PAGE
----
As Andrea Nill reports in “Vitter Vs. The Constitution: Louisiana Senator Pushes Amendment To Prevent Census Count Of Non-Citizens,” over at the Wonk Room:
Over the past couple of weeks, Sen. David Vitter (R-LA) has been trying to sell his and Sen. Robert Bennett’s (R-UT) amendment to the Commerce, Justice, Science, and Related Agencies Appropriations bill which would require the US Census Bureau to add a question about citizenship to its 2010 survey.
That’s right, as the appropriations process drags on through Congress, Republicans in both the House and the Senate continue to offer immigration related amendments meant to stall passage of these annual bills which provide the funding for important government functions and programs such as the national defense and crime prevention programs.
As we reported last week, the amendment as originally drafted sought to require the U.S. Census bureau to include questions about immigration status in the 2010 Census.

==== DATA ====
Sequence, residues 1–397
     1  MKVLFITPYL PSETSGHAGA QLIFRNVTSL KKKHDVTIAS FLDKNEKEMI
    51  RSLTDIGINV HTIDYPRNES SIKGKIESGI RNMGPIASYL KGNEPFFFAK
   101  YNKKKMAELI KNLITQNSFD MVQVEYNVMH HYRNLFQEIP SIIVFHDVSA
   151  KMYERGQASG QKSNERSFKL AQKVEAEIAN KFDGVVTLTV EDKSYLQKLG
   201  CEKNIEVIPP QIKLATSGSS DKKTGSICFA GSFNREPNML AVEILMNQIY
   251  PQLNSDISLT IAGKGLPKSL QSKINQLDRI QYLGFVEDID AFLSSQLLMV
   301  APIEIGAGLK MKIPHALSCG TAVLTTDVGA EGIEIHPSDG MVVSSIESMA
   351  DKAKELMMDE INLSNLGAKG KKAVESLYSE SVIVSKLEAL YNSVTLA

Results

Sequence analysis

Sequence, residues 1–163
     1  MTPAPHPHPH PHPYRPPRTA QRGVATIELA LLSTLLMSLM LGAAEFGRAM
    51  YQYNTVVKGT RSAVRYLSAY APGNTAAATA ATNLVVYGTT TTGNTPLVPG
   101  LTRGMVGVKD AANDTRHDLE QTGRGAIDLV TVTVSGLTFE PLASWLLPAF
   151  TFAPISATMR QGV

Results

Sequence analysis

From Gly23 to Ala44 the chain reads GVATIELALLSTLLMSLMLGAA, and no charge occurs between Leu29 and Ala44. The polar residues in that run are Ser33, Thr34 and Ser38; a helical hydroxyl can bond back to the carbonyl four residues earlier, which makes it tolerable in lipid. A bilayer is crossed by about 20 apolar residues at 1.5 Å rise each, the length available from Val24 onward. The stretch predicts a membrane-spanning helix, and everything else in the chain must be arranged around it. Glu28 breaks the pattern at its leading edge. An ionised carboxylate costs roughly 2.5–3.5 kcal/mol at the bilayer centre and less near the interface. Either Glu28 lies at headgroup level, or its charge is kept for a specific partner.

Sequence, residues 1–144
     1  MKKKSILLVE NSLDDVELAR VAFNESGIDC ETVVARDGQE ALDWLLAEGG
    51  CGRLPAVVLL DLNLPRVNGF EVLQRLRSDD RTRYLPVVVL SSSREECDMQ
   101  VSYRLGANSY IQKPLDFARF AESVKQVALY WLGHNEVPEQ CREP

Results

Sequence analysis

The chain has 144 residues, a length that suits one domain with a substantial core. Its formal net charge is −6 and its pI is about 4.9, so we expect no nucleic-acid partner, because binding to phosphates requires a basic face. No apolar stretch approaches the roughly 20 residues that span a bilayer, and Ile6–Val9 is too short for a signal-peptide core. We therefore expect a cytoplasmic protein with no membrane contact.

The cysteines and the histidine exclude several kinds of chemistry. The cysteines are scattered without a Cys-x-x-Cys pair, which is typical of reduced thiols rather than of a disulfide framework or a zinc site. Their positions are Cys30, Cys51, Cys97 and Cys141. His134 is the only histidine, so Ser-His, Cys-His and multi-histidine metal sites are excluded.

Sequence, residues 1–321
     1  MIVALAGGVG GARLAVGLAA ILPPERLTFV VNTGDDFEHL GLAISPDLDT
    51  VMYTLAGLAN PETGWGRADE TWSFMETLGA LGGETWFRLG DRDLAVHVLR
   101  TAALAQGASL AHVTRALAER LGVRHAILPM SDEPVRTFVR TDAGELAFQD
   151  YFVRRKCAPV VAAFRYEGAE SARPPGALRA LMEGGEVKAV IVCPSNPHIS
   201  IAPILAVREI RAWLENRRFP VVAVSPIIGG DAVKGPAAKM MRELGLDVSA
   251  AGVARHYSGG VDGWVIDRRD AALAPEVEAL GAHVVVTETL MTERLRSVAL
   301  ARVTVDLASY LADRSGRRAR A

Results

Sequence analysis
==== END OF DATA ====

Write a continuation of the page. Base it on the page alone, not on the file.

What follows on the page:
This amendment is misguided—and expensive. It would completely derail the 2010 Census. It would waste $7 billion in research, planning, and preparation that has already occurred for Census 2010.
It also raises critical Constitutional concerns, as the Constitution and the 14th amendment call for an accurate portrait of America based on the whole number of persons in every state in every decennial Census. This amendment would diminish that mandate because it will raise concerns among all respondents – both native-born and immigrant – about the confidentiality and privacy of information provided to the government.
The opposition to this amendment has been strong. Eight former directors of the U.S. Census Bureau, both Democrat and Republican, have expressed their opposition to Senator Vitter’s amendment in a statement highlighting how the addition of a question on immigration status would derail next year’s census. Commerce Secretary Gary Locke said, “it’s too late to shift gears.” The spokesman for the U.S. Census Bureau , David Byerman, stated, “if this amendment were to pass we would be imperiled not to meet our statutory deadline of being able to get a final head count by December 31 of next year, which is required by law.”